Ever wondered about the health risks of kinky play or how to broach the subject of branching out sexually with your partner? Instead of trying to navigate those thorny issues alone—or, cringe, through trial and error—we consult our columnist and clinical sexologist and couple’s therapist Dr. Eve, author of the bestselling book Cyber Infidelity: The New Seduction and host of the #CyberInfidelity podcast (downloadable here).
Below, she addresses what you should be aware of if your sex drive is flagging or before you jump into an open relationship. Stumped by your own between-the-sheets conundrum? Send your questions to WTF@stylecaster.com for Dr. Eve to answer in the next edition.
Q: How Do I Talk to My Partner About an Open Relationship?
A: It’s 2017, and alternative marital agreements are more common than ever—partners live together and have kids without tying the knot, cross-sexual orientation couples are ubiquitous, and about half of all marriages end in divorce. Open relationships are typically consensual and transparent arrangements between partners, which can involve activities like swinging together; each having an independent lover; polyamory; threesomes; inviting a person into sex with your partner while you observe or participate, and more. Couples have open relationships for different reasons, but it often helps to keep things lively and exciting, and can prevent separations with partners for whom monogamy isn’t possible.
This all sounds great, but the reality is a bit more complicated. So, before bringing up the topic, take time to reflect and ask yourself about your motivations and expectations. For instance, are you ready for some real challenges to the instinct of jealousy and to the need to feel like your S.O.’s one and only? Are you prepared to potentially spend hours discussing, negotiating, and contracting agreements? Consider these questions before you open the discussion with your partner—and be aware that he or she may not be excited about the idea, especially at first.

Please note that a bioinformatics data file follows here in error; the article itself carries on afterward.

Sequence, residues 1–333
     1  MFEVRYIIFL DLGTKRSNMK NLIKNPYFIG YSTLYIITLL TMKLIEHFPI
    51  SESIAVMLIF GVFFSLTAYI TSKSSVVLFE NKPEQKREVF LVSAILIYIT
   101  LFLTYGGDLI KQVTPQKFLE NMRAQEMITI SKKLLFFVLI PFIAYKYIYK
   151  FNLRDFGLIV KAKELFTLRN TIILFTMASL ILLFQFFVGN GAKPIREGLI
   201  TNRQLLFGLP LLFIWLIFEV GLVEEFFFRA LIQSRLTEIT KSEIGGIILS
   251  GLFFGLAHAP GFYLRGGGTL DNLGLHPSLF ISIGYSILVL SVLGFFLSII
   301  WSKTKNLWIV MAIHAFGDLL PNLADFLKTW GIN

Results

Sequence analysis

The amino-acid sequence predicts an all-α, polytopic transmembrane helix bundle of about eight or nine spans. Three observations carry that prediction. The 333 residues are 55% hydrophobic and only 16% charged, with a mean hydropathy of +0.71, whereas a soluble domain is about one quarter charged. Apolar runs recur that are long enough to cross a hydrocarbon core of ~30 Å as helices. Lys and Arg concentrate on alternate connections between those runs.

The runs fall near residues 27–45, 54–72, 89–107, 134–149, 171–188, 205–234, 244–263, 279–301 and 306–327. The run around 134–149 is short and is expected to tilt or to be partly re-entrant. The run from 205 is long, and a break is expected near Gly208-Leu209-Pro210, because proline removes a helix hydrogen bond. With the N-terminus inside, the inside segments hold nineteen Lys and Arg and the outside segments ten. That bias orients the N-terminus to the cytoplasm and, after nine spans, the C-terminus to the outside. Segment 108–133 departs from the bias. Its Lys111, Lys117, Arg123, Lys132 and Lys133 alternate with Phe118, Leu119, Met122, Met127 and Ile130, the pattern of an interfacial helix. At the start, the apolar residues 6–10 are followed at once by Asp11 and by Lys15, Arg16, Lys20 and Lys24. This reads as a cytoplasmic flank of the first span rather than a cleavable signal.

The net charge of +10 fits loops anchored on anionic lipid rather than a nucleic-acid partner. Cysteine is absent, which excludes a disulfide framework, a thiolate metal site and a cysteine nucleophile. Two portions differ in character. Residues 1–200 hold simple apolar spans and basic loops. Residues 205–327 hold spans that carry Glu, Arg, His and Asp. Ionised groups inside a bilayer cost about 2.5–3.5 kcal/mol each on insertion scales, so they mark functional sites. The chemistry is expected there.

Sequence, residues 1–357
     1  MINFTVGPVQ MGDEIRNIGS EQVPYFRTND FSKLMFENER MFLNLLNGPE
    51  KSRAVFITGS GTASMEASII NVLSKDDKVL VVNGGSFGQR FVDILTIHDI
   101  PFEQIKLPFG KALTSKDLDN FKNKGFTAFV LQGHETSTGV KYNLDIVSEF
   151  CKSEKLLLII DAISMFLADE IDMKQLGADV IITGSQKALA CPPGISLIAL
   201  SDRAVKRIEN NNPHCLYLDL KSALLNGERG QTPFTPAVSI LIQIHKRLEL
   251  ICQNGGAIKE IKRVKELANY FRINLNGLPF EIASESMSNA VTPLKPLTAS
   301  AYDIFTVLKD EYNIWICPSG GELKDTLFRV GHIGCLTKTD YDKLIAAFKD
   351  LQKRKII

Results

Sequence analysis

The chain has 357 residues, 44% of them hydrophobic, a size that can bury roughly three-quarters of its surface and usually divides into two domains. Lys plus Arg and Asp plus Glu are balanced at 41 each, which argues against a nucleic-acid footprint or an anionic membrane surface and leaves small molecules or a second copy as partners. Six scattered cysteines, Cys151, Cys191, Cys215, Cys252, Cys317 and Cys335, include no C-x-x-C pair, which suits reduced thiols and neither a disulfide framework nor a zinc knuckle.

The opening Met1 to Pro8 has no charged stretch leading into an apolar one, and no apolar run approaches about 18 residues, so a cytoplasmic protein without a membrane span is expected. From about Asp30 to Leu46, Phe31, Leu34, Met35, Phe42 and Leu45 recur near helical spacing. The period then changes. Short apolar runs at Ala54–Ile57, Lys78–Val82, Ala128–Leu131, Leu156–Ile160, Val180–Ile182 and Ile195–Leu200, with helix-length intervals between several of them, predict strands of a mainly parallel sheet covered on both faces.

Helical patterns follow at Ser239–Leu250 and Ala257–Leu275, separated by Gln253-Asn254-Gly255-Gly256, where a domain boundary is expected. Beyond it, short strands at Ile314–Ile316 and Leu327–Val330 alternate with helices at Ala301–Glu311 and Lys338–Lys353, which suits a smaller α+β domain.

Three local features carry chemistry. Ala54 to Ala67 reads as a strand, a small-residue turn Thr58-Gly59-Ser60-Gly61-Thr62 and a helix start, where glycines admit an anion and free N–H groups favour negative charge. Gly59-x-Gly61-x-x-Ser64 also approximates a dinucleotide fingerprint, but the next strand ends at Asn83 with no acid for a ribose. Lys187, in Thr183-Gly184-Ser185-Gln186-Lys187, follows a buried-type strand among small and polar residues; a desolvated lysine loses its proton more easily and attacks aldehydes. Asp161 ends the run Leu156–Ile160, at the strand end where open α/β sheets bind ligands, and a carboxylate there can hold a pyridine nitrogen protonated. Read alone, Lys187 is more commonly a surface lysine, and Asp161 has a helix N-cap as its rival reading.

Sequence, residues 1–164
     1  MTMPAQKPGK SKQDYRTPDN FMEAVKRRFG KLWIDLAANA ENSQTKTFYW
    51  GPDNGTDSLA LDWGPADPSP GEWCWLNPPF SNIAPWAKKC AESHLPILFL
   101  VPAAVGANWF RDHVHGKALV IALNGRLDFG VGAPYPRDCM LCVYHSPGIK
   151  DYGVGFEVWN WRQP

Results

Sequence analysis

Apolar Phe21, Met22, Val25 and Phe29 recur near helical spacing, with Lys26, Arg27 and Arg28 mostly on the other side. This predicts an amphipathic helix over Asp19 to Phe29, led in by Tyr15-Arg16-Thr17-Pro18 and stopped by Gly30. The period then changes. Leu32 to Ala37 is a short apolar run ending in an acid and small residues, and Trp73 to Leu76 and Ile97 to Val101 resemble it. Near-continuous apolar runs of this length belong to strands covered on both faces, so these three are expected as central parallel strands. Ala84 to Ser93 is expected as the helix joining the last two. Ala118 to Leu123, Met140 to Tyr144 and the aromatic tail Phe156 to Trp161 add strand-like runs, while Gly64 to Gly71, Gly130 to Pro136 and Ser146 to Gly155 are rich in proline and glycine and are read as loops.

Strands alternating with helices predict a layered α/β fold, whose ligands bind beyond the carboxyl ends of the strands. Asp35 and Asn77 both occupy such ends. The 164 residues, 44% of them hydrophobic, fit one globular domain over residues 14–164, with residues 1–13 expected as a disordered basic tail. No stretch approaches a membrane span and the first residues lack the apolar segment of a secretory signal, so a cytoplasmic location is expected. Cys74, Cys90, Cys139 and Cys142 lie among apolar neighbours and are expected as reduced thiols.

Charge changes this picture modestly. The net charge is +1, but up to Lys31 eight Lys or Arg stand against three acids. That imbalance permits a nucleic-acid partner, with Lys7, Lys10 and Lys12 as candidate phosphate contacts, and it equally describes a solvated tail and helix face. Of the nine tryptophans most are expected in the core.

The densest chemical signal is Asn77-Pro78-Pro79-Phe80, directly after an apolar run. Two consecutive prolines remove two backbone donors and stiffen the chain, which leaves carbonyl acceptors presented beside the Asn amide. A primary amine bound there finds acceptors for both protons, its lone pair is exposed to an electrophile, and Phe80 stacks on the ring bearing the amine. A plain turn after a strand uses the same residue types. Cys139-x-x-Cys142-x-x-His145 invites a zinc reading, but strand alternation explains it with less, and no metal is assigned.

One way to consider broaching the topic is to ask your partner if he or she has ever wondered about the possibility of an open relationship. Before making it personal and concrete—i.e. before asking if your own relationship can be open—you can gauge his or her attitude about the idea. Based on that response, you can transition into your own interest in an open relationship, prefacing that by reiterating the strength of your feelings for your S.O. Making your feelings of love clear may help prevent him or her from getting defensive or insecure, and wondering if you’re looking outside the relationship because you’re not getting what you want from it.
Rather than asking the loaded question in one overwhelming conversation, work up to it by raising the topic in a series of conversations over time. If you’re in sync, you’ll be able to talk about the idea of going open without devolving into a fight. And if you can’t, you have your answer right there, and will need to evaluate whether this is a relationship you want to stay in, if sexual and emotional exclusivity is the only option.